FinAlternatives wrote on this same topic earlier this week: ess than a week into his administration, the outlines of President Barack Obama’s plan to overhaul America’s financial regulatory systems are coming into focus. And it is becoming increasingly clear that the plan will involve some sort of mandatory hedge fund registration and surveillance.

Although most of his top economic advisers are still awaiting confirmation by the Senate—including Treasury Secretary-designate Timothy Geithner and Securities and Exchange Commission Chairman-designate Mary Schapiro—Obama is expected to offer details of his plans before traveling to London on April 2 for a Group of 20 meeting. The Obama administration is also laboring under an April 30 deadline—set by last year’s Emergency Economic Stabilization Act—to offer his regulatory recommendations to Congress. source

Review dozens of additional resources within our Hedge Fund Regulation Corner | Compliance & Law Notes or watch over a 100 hedge fund videos within our Hedge Fund Video Library.

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Top 5 Tips for Starting a Hedge Fund (Part 1 of 2)

Starting a Hedge Fund

Top 5 Tips for Starting a Hedge Fund


Top 5 Tips for Starting a Hedge FundThis is a 2 part series on starting a hedge fund. I had a 45 minute conversation with a hedge fund startup Friday related to capital raising, seed capital, prime brokerage and building a team around your hedge fund during the first few years of operation. After hanging up the phone with this professional I thought it may help to publish a list of tips for those starting hedge funds:

Top 5 Tips for Starting a Hedge Fund

1. Starting a hedge fund is not a get rich scheme, in 99.9% of all cases it takes 2-4 years before the hedge fund becomes profitable and stable as a business. I’ve worked with a client in the past which had been running a fund for 7 years and still had not raised enough capital to be self-sustaining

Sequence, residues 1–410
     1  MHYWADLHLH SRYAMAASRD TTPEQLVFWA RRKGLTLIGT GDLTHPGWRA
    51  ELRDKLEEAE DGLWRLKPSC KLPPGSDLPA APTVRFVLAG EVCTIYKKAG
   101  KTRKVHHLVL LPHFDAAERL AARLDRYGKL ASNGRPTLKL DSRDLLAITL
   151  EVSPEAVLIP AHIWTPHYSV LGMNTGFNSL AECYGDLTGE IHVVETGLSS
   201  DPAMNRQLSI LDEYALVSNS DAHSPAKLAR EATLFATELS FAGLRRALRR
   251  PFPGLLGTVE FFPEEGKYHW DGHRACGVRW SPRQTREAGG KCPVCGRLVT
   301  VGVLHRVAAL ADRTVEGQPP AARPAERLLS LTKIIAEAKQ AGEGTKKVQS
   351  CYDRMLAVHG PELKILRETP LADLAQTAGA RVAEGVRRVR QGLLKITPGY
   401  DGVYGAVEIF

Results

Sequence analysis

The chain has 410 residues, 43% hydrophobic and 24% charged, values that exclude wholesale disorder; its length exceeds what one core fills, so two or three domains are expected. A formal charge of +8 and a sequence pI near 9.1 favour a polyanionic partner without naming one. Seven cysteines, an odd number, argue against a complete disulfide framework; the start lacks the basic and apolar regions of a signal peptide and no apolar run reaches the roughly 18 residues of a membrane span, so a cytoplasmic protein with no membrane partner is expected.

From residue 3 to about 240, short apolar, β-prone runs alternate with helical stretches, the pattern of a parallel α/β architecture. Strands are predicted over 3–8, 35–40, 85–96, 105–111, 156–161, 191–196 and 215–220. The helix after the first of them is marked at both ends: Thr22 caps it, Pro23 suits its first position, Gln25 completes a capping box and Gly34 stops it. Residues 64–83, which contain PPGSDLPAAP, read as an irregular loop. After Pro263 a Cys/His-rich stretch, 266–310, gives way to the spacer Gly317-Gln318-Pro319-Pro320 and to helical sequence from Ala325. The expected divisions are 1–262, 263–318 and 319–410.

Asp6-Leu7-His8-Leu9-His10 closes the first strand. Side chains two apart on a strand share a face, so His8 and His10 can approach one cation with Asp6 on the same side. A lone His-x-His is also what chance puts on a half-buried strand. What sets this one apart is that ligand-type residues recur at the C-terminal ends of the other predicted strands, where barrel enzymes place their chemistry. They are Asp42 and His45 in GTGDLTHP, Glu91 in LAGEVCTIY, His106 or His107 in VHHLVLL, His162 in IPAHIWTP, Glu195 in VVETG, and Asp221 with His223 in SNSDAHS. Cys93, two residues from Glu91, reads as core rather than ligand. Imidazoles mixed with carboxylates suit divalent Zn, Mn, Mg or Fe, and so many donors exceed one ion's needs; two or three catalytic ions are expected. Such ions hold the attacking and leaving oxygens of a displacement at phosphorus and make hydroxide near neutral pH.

2. Complete due diligence on your service providers. I heard of a hedge fund last month who was quoted at over $80,000 for their legal formation costs, which is at least $35k above what most other firms charge for this same service. If you don’t shop around you could end up paying twice as much to service providers as you need to. No, you should not select service providers based on price but you should always sit down or have conference calls at least with three prime brokerage firms, three auditors, and three administration firms before deciding who to work with.

3. Always be growing relationships. This is different than always be selling. Selling can be spotted from 5 suits away and a networking event, and felt by how someone asks what company you work. It is always best to take the high road, the long-term approach yet always be looking out for those individuals who you should invest a significant portion of your time getting to know. The benefits of doing so could be valuable advice, leads or an allocation. If you are always looking to close than no professionals along the way will want to give you feedback on your marketing materials or suggest an alternative path to raising assets.

Read Part 2 of this Article by Clicking Here.